Politics & Other Mistakes: Home is where the votes are

6 mins read
Al Diamon

You know where you live. A house. An apartment. A condo. A cardboard box under a bridge. It may not be much, but it’s someplace, and you know where that is.

Unless you’re Bruce Poliquin. Then it gets complicated. To an outside observer, Poliquin, the former Republican congressman from Maine’s 2nd District, would appear to live on an estate in Georgetown. Big house, lotsa land, loads of amenities. Who wouldn’t be happy calling that home?

Not our Brucie. In fact, he hasn’t been an official resident of his luxurious digs since shortly after he won his first term in 2016. That’s because Georgetown isn’t in the 2nd District. It’s in the 1st.

Inconvenient, although not illegal. U.S. representatives need not live in their districts, so long as they abide in the state from which they’re elected. But there’s an optics problem with representing a mostly poor, rural district like Maine’s 2nd, and living in a mostly prosperous, urban one. So, Poliquin needed a fake address.

He chose his family’s summer camp in Oakland, which was just over the line in the 2nd CD. Yes, he said, it was his full-time residence, even though the only full-time thing about it was its Post Office box. Then, he sold the camp, because his family wasn’t using what was supposed to be their residence all that much, instead preferring to luxuriate at their Georgetown compound. So, the resourceful Brucie rented a room from the new owners, and kept paying rent on that P.O. Box.

Bruce lost his seat in Congress in 2018, but kept his pretend address because he planned to run again. But so did some other members of the GOP, such as Mike Perkins, a state representative who, by coincidence really does live in Oakland. “I’m a Mainer through and through,” he told the Lewiston Sun Journal, “but he’s not one of us,” referring to Poliquin.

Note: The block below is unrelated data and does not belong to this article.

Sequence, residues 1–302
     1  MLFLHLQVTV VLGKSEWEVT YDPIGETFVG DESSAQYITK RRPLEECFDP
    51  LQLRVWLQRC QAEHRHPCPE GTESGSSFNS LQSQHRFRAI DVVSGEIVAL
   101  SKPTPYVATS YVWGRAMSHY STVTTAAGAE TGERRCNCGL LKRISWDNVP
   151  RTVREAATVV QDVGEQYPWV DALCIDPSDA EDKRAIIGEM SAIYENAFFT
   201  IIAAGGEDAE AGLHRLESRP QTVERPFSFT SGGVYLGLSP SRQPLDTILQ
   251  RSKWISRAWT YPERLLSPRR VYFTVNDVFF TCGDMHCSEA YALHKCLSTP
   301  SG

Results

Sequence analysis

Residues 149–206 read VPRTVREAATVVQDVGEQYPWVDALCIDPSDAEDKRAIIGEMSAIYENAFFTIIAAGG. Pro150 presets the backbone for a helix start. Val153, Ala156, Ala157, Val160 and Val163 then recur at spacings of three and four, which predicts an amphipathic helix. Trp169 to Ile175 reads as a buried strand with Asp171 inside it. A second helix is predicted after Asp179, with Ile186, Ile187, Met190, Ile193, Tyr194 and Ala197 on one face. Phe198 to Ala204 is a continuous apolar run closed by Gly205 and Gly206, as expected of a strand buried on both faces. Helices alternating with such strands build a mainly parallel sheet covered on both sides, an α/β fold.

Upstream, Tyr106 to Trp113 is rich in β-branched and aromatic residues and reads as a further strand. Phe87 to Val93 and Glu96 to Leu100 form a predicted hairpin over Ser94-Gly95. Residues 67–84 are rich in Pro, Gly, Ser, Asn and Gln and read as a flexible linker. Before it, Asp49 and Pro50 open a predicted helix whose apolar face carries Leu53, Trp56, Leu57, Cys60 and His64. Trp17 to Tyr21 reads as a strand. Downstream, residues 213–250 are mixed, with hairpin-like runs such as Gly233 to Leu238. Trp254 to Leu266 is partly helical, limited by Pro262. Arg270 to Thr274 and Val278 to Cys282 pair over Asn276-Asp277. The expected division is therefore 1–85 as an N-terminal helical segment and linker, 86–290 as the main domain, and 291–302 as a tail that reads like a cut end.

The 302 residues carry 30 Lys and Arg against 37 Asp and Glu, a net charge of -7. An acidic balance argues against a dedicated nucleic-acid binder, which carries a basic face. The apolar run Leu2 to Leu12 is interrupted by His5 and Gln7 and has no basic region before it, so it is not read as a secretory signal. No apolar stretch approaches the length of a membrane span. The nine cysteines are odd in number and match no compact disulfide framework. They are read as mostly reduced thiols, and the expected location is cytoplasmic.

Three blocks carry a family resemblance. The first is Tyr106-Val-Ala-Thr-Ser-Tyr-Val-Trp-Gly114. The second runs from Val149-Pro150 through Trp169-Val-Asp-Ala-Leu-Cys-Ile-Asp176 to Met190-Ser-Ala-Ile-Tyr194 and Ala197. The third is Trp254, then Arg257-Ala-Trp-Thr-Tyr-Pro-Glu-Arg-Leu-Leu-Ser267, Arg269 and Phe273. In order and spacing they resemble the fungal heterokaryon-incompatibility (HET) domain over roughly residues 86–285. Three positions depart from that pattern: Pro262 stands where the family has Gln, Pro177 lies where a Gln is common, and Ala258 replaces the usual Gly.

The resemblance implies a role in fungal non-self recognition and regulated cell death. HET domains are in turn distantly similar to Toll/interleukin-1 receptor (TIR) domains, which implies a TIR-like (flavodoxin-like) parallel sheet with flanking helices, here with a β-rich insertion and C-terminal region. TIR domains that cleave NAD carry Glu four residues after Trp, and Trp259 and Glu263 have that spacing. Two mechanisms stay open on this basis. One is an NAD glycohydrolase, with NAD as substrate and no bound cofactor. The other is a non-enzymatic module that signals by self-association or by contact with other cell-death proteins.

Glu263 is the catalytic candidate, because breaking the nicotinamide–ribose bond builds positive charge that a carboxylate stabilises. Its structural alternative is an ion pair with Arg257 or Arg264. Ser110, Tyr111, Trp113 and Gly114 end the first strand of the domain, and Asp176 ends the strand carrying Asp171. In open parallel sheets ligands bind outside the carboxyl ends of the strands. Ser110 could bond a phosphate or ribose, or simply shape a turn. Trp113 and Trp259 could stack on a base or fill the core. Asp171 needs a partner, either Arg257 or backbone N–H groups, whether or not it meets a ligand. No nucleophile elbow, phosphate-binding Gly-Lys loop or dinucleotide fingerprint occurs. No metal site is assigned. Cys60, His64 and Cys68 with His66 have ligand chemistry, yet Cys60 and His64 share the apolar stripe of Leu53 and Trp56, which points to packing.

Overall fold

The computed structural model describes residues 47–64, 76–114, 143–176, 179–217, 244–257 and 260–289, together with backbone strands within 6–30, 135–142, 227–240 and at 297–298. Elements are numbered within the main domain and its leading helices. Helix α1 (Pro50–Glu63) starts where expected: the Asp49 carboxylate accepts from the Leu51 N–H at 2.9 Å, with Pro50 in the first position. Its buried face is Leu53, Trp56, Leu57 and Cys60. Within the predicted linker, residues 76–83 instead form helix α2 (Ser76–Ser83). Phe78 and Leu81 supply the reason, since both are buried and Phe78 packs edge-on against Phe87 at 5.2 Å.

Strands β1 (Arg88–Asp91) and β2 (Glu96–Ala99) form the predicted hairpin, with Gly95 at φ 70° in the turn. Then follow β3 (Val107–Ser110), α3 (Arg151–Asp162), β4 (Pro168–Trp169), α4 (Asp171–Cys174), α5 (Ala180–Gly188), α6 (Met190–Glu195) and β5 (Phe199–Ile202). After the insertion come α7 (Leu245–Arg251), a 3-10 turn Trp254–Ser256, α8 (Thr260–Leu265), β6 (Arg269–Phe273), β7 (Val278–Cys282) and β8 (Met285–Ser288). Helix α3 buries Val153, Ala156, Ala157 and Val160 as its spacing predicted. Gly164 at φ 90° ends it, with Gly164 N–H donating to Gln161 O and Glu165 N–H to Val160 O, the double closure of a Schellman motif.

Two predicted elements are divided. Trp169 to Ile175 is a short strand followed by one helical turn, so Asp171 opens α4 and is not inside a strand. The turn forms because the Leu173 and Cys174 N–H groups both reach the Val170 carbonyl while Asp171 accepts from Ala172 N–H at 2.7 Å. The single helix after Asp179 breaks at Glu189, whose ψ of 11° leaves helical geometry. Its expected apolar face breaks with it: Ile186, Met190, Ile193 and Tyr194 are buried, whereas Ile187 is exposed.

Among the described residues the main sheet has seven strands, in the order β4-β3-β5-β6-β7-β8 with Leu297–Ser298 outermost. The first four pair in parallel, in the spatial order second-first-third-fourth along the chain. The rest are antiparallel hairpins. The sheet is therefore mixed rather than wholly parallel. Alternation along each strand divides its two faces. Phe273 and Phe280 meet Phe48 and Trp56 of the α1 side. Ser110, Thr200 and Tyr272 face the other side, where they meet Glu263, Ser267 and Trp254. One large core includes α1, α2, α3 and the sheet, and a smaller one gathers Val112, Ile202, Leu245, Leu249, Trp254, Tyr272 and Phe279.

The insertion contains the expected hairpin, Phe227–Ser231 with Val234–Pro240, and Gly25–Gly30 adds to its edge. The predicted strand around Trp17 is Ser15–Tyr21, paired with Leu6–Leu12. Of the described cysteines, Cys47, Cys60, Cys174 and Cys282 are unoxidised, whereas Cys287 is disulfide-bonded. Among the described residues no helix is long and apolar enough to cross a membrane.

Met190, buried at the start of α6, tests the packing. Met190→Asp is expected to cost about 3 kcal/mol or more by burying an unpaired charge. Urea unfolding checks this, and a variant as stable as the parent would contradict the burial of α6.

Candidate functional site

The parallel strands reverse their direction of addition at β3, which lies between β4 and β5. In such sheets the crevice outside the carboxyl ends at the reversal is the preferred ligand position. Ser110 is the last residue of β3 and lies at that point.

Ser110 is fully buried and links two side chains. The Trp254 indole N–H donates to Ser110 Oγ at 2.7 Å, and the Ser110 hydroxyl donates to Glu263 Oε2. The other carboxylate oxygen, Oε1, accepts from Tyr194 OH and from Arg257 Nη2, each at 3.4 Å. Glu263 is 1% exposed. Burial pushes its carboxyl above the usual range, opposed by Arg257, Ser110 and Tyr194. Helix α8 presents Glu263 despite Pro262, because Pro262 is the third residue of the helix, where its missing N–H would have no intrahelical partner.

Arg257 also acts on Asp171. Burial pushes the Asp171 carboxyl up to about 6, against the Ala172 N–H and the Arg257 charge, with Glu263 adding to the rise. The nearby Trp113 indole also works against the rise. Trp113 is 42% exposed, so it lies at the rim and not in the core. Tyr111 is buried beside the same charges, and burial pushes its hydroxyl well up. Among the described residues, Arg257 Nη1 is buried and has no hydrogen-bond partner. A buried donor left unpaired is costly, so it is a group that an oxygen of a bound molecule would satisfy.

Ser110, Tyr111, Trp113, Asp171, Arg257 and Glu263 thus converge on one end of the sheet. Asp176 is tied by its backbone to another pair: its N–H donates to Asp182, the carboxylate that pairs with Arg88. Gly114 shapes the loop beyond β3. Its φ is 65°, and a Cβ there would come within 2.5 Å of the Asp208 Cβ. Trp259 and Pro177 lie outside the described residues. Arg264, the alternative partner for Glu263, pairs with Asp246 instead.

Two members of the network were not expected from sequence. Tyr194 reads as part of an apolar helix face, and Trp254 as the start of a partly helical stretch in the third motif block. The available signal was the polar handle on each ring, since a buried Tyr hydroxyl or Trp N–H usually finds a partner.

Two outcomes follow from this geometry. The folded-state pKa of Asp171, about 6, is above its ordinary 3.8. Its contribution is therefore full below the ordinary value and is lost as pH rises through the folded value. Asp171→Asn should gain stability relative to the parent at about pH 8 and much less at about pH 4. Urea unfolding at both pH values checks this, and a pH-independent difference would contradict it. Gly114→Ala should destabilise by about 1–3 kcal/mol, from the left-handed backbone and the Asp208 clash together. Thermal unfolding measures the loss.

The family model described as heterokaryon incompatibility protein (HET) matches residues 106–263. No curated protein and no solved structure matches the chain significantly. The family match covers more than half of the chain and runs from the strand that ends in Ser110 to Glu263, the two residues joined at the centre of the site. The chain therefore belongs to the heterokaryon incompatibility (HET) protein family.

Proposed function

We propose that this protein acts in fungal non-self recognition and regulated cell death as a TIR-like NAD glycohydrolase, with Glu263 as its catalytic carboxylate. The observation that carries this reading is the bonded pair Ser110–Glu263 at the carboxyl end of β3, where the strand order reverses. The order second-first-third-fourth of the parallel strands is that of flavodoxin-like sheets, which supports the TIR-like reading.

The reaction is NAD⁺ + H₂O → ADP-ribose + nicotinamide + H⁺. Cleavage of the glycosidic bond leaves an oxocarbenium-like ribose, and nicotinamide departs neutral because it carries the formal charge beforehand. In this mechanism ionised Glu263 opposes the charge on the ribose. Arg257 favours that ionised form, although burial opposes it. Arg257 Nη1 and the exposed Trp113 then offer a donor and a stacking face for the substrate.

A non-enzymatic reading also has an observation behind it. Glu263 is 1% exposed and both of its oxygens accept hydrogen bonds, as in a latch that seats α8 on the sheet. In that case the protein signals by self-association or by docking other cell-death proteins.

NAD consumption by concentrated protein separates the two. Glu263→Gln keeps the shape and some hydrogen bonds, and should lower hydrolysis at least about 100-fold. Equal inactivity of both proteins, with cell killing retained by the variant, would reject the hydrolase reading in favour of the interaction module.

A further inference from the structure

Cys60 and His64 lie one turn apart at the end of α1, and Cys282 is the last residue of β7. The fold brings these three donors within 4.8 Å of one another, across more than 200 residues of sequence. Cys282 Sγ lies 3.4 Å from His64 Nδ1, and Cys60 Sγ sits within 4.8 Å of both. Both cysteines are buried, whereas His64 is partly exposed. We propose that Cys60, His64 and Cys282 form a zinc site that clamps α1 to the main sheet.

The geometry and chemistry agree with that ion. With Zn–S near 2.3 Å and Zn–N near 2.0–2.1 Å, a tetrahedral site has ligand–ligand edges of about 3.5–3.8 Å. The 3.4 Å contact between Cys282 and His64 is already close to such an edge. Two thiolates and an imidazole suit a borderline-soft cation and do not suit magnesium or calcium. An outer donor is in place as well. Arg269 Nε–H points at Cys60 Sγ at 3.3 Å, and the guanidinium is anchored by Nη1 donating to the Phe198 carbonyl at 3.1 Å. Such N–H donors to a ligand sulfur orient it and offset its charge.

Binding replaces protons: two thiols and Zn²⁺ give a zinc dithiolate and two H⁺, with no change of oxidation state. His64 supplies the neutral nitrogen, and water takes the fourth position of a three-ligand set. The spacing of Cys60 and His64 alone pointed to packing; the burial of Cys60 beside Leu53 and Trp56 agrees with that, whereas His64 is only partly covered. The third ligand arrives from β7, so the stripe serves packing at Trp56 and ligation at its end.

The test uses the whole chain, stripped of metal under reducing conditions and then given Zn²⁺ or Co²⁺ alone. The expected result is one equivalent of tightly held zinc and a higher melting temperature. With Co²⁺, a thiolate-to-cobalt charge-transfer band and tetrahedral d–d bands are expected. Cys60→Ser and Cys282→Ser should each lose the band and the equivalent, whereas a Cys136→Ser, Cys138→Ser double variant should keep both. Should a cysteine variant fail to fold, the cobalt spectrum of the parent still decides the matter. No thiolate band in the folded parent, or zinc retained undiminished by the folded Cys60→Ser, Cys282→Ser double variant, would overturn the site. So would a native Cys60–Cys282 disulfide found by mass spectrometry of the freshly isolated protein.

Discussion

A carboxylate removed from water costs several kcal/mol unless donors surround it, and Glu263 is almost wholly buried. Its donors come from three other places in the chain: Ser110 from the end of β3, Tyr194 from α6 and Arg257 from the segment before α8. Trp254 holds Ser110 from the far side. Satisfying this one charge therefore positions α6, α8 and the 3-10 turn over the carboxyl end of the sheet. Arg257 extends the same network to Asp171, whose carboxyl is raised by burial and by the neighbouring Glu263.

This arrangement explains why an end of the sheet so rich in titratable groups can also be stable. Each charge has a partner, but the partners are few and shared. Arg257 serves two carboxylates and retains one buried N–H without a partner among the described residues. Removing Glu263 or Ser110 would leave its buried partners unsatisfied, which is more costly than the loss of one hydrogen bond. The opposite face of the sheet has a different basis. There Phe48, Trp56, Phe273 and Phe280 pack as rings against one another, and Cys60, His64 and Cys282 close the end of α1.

Perkins said he wouldn’t get out of the race just to accommodate Poliquin, so Bruce called in some chits from his friends in the GOP who sat on the redistricting commission. They decided to move Oakland out of the 2nd District.

That would have been kinda weird, since it appears as if neither candidate lived in the proper place, but it’s really only a problem for one of them. Perkins, who owns property and really lives in Oakland, would have to move or establish a fake address using a P.O. box, sorta like someone else we know. As for Poliquin, he can depart Oakland with no regrets. And no furniture to move.

Bruce told WVOM radio, that for his latest magical abode, he was “relocating to the Bangor area.

“This makes much more sense to be able to better serve my constituents if the voters want me back, and I expect they will,” he said, perhaps overstating voter enthusiasm for his return. He pointed out that Bangor was a more central location, and noted that the post office there was larger, allowing for bigger boxes, big enough that a diminutive personage of Poliquinian proportions could actually live in one – or maybe two of them joined together.

A little plumbing, some electrical work and you could turn a P.O.-box conversion into a condo that would sell for $400,000 in Portland. This might be a significant source of revenue for the cash-strapped Postal Service.

The bottom line for all this nonsense is that no one should be represented in Congress by somebody who doesn’t dare to live where they say they do. The 2nd District is diverse enough that Poliquin could find a real house there without having to use the same laundromat as mill workers or grocery shop next to smelly stern men off lobster boats. There are even whole privileged enclaves of the district without a homeless person in sight. It’d almost be like living in Georgetown.

And just imagine the savings on P.O. boxes.

As an actual resident of the 2nd District, I invite you to email me (sorry, I don’t have a P.O. box, can’t afford something that could rent for 3 grand in Portland) at aldiamon@herniahill.net.

Correction: The plan to move Oakland to the 1st District fizzled out. It’s still in the 2nd.

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